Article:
As noted by the BAP, FRBP 4003(b)(1) provides that a party may file an objection to exemptions “within 30 days after the meeting of creditors… is concluded or within 30 days after any amendment to the list or supplemental schedules is filed, whichever is later.” The Court found that, because the Debtors’ case was converted less than one year after entry of the first order confirming their chapter 13 plan, pursuant to FRBP 1019(2)(B) a new time period to object to the claim of exemptions commenced after the conversion.
The Trustee did not file his objection to the Debtors’ exemption until January 29, 2018—well past the 30 days after the creditor meeting was concluded on July 12, 2017. The Trustee nevertheless contended his objection was timely, asserting that the new thirty day time period did not commence since the Debtors failed to obey the Order with regard to amended filings.
The BAP disagreed. The Court found that nothing in the Order or FRBP 1007-1(b) set a deadline for the Debtors to file amended schedules or declaration of no change, therefore nothing kept the Debtors from complying with the Order as long as the case remained open. The BAP also held that, in the absence of an amendment, the Debtors’ original schedule C filed in the chapter 13 case was deemed filed in the converted case under FRBP 1007(c). Consequently, pursuant to FRBP 4003(b), a new time period began running upon conversion of the case, and the Trustee was required to object to the homestead exemption within 30 days of concluding the creditor meeting. The Trustee failed to do so, and the BAP found the objection to be untimely.
The BAP further upheld the bankruptcy court’s ruling that the Debtors were not equitably estopped from asserting the homestead exemption. At the outset, the BAP held that even though the bankruptcy court erroneously applied federal law rather than the elements of equitable estoppel under Washington state law, the elements were substantially the same, therefore the error was harmless.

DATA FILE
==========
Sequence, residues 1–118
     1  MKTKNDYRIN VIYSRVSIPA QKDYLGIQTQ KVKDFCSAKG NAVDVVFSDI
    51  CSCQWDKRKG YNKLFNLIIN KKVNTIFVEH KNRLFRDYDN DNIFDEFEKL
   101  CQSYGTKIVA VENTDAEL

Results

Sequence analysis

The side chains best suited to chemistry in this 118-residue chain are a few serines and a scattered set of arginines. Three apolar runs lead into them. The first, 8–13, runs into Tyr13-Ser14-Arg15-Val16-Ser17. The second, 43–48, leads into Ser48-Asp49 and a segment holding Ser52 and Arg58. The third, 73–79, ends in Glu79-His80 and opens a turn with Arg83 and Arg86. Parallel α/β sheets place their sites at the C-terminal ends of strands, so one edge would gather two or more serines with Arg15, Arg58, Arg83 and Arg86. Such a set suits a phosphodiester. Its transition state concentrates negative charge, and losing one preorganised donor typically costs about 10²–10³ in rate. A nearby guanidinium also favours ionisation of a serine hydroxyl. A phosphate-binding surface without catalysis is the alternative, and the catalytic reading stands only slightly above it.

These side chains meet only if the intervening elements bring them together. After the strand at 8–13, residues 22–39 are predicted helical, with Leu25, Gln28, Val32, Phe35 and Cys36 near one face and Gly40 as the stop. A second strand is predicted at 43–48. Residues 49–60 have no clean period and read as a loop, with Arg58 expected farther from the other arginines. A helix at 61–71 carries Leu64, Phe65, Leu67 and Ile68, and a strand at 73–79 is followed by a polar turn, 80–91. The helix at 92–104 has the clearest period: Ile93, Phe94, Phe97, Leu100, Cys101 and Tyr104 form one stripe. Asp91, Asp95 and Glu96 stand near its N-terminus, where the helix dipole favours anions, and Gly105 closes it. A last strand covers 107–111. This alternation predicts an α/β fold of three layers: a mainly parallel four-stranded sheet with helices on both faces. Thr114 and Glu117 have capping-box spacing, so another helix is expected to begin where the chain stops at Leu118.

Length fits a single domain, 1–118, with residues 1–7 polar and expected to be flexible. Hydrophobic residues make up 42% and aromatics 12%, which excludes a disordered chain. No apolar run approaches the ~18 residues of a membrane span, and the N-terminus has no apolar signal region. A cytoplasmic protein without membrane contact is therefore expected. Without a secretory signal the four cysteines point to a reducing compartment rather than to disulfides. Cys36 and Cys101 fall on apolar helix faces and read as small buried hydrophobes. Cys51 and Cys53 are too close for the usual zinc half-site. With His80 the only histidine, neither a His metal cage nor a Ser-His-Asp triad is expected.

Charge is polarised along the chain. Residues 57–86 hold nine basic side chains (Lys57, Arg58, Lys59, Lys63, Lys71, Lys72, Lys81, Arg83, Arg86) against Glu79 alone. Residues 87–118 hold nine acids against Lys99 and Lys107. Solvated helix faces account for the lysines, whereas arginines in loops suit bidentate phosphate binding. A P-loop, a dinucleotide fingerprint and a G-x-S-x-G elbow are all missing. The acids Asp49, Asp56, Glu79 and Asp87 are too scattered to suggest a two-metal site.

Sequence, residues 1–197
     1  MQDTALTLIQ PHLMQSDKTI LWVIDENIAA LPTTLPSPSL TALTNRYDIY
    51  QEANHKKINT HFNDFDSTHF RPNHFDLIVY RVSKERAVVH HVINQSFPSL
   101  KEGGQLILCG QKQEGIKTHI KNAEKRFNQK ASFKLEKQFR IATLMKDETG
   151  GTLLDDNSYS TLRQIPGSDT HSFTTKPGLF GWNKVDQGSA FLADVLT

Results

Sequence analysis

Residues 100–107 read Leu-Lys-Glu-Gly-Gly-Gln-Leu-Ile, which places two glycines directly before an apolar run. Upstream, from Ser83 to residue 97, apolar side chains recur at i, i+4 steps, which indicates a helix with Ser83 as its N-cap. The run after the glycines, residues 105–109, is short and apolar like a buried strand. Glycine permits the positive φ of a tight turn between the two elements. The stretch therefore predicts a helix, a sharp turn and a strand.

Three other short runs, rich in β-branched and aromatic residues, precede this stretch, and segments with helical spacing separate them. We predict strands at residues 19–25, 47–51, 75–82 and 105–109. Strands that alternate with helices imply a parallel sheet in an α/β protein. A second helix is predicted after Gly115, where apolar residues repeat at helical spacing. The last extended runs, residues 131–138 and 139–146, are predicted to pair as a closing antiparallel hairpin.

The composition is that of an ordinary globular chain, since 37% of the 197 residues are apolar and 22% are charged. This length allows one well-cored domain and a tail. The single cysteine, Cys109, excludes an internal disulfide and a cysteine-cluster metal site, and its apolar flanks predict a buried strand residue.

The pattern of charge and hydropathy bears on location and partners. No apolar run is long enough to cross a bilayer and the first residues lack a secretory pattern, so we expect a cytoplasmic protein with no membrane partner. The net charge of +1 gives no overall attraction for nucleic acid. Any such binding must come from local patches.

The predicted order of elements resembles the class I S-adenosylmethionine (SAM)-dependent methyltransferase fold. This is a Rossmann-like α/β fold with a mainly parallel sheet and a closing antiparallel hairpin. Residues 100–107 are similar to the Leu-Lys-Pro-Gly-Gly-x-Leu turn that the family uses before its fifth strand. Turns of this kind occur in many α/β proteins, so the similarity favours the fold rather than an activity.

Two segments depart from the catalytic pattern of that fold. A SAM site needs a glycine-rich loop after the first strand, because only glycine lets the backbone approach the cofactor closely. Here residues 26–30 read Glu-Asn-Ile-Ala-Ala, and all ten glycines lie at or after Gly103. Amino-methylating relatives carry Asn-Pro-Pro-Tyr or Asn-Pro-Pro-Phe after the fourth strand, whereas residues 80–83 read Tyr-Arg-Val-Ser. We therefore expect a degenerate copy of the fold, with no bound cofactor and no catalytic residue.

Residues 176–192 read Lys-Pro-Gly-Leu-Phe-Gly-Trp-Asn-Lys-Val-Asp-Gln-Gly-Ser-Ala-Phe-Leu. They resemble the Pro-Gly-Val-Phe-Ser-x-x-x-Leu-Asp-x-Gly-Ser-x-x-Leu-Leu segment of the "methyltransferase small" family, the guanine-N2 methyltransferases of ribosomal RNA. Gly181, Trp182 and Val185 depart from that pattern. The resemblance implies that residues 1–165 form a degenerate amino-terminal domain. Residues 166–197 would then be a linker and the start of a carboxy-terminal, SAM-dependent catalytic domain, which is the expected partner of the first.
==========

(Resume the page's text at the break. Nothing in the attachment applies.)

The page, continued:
The BAP went on to consider whether the bankruptcy court had abused its discretion in finding that equitable estoppel did not apply, noting that such an order may be reversed only if the BAP has a “definite and firm conviction that the court committed a clear error of judgment in the conclusion it reached.” The BAP held that the bankruptcy court did not abuse its discretion, referencing the record that the bankruptcy court had found the Debtors’ statements at the creditor meeting “equivocal at most;” that Debtors’ counsel’s statements regarding surrender did not clearly express an intent to amend Schedule C to delete the homestead exemption; that the Trustee had never forced the issue and should have performed further investigation and inquiry; that the bankruptcy court was not convinced that testimony and statements at the creditors meeting were “sufficiently definite to reasonably and foreseeably induce” the Trustee’s reliance; and that the Trustee’s reliance on those statements was unreasonable. Based thereon, the BAP held that the bankruptcy court’s holding was “plausible and supported by inferences drawn from the record.”
The BAP stated that it was “sympathetic” to the Trustee’s position, but that it had discerned no abuse of discretion. The ruling in the Debtors’ favor was affirmed.
The BAP’s order was not published. Therefore, while it may be cited for any persuasive value it may have, see Fed. R. App. P. 32.1, it has no precedential value. See 9th Cir. BAP Rule 8024-1. The case may be best read as a word to the wise about relying on informal statements, but also as a subtle rebuke for wasting the Trustee’s time with idle promises; although the bankruptcy court had denied the Trustee’s motion for sanctions without prejudice (and thus the BAP expressed “no opinion” as to whether such a motion should be granted or denied), the BAP’s comment seemed to be an invitation to the bankruptcy court to consider compensating the Trustee for his trouble “should he renew his request.”
These materials were prepared by ILC member Gary Rudolph of Sullivan Hill Rez & Engel, APLC in San Diego (firstname.lastname@example.org) with editorial contributions from ILC member Diane C. Stanfield of Alston & Bird LLP in Los Angeles (email@example.com).